Regional Climate
climate
regional climate
The planet's climate is not stable.  If it was then the further you travelled North or South of the Equator the steadily colder it would get.  But in fact different parts of the world with similar latitudes can have quite different climates.

For example London, with a latitude 51º North, has a much milder Winter climate than New York with a latitude of Just 40º North (closer to the equator than London).  This is because a warm current, (known as the North Atlantic current or drift) runs up the East coast of the Atlantic and, by giving off heat into the atmosphere, creates a warmer climate in that region.  The West coast of the Atlantic (America's Eastern Sea board) has no such warm current to act as a buffer in Winter and therefore is much colder.  London has an average maximum temperature in January of  8 degrees Celsius  while New York's is  0 degrees.

The North Atlantic current has an extremely powerful and wide spread effect on much of coastal Europe.  But there are other much more numerous examples of the physical landscape effecting the climate of regional and sub regional areas. For example :-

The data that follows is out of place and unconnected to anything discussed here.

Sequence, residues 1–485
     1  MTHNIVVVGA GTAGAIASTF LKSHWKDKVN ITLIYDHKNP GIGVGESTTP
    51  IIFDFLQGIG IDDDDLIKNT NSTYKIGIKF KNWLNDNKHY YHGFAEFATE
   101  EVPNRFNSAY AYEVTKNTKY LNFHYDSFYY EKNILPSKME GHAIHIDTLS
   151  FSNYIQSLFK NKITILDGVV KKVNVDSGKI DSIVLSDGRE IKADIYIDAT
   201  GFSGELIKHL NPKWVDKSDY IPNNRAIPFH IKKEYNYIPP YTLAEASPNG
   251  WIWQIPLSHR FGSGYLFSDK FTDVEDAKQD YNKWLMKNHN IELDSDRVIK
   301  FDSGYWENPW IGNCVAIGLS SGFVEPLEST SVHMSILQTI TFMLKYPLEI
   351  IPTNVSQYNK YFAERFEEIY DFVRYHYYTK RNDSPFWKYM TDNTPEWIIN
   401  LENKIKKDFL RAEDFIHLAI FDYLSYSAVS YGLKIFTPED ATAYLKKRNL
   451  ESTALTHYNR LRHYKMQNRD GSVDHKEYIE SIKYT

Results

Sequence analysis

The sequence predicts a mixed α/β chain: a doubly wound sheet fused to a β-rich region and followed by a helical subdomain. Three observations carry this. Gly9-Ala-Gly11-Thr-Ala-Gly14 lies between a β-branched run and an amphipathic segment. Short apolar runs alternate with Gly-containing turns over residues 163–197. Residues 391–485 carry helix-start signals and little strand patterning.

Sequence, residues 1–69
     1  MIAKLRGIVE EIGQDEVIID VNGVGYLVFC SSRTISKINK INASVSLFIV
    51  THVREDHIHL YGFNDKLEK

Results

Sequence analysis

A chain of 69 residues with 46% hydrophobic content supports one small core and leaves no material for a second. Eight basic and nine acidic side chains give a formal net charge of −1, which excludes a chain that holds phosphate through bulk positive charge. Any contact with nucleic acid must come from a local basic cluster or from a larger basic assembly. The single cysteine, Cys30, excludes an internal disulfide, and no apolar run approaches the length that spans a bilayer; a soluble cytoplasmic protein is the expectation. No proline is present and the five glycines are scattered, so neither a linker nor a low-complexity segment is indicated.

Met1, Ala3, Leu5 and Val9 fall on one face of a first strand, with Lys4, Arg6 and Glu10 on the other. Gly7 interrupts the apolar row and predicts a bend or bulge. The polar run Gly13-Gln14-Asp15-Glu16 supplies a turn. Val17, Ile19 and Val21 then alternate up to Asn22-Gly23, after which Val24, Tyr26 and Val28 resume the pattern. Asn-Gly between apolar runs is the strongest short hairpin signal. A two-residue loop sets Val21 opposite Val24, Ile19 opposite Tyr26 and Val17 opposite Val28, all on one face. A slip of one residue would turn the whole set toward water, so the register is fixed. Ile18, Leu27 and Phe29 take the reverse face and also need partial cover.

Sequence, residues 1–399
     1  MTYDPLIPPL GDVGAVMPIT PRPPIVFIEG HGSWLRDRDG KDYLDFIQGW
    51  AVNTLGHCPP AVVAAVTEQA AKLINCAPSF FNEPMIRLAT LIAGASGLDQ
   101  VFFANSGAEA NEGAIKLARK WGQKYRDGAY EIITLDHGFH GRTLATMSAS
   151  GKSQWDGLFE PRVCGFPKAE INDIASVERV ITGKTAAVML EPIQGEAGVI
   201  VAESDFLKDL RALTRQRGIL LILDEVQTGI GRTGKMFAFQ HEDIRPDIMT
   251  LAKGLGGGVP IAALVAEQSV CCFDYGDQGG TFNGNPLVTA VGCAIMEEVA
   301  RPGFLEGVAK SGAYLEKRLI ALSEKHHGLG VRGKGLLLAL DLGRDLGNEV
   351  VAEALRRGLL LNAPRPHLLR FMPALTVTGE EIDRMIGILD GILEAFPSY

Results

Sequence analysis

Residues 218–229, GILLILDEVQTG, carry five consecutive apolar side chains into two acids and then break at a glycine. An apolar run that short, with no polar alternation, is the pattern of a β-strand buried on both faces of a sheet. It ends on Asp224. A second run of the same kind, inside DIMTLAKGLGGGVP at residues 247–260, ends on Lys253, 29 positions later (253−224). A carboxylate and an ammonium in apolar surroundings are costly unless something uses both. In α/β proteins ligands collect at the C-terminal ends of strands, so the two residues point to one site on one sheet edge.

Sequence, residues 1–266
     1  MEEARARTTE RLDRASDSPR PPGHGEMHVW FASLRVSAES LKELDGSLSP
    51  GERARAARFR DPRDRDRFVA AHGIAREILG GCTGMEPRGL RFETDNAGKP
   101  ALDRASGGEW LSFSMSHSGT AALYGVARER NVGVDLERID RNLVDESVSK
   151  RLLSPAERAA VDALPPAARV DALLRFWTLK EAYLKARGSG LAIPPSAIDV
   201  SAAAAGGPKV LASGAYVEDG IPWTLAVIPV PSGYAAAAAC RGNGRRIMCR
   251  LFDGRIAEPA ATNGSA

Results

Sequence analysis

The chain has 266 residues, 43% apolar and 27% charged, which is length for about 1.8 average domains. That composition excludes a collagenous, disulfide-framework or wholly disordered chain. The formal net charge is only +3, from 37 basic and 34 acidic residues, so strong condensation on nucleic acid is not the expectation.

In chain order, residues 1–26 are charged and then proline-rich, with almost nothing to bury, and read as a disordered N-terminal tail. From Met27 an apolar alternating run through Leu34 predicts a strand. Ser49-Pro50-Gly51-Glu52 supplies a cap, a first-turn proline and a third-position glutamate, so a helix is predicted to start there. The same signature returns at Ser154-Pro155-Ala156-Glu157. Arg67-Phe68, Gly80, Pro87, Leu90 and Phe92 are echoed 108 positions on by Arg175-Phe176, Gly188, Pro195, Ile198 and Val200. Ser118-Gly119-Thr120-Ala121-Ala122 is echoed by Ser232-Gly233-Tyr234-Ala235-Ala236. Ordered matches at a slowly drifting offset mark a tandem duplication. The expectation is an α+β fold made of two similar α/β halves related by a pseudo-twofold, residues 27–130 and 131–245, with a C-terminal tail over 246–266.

Rain shadows.
Illustration showing a rain shadow
Hills can create a rain shadow on the lee side of prevailing weather fronts.

A range of hills can cause a rain shadow (low rainfall area) on the lee side to the prevailing weather fronts.

Cold Sinks.
A valley can act as a cold sink.  On still nights cold air always sinks to the lowest point, which means in cool weather low lying areas usually have more frequent and severe frosts then the surrounding hills.

Heat Sinks.
Water acts as a heat sink by absorbing heat when the weather is hot and slowly releasing it when the surrounding air temperature drops at night or when the weather cools down.  This warming effect that water has means that land near a lake, river or the ocean tends to have fewer frosts and more mists and fog.  Fog is caused by warm air meeting surrounding colder air and condensing to form tiny water droplets.   Fog may seem cold to humans but in fact, compared to surrounding temperatures, a fog is like a warm blanket. Even when fogs do not occur the presence of large body of water will increase the surrounding air temperature.

These are just a few of examples there are of how physical conditions can impact on regional climates.  Understanding the influences on the climate in your region will better help you understand gardening conditions in your own back yard.